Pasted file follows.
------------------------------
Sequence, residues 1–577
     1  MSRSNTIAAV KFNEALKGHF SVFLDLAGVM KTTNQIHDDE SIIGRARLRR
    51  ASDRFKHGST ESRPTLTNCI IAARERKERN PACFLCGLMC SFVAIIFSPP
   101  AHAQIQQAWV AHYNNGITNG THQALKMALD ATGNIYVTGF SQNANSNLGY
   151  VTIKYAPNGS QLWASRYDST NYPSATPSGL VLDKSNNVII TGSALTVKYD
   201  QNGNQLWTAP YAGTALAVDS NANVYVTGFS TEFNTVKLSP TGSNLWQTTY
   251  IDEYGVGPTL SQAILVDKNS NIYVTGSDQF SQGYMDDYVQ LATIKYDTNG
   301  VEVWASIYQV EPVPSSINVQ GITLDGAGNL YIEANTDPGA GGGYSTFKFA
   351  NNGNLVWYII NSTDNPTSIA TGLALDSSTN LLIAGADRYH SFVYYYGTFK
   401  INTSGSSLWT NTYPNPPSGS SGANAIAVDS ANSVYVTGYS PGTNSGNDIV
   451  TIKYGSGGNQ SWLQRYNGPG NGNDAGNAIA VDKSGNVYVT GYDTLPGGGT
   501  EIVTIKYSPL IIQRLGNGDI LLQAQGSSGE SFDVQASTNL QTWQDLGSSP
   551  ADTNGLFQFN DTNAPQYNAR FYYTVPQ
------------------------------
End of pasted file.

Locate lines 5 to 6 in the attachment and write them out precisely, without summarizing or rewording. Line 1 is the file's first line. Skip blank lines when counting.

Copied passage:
   151  VTIKYAPNGS QLWASRYDST NYPSATPSGL VLDKSNNVII TGSALTVKYD
   201  QNGNQLWTAP YAGTALAVDS NANVYVTGFS TEFNTVKLSP TGSNLWQTTY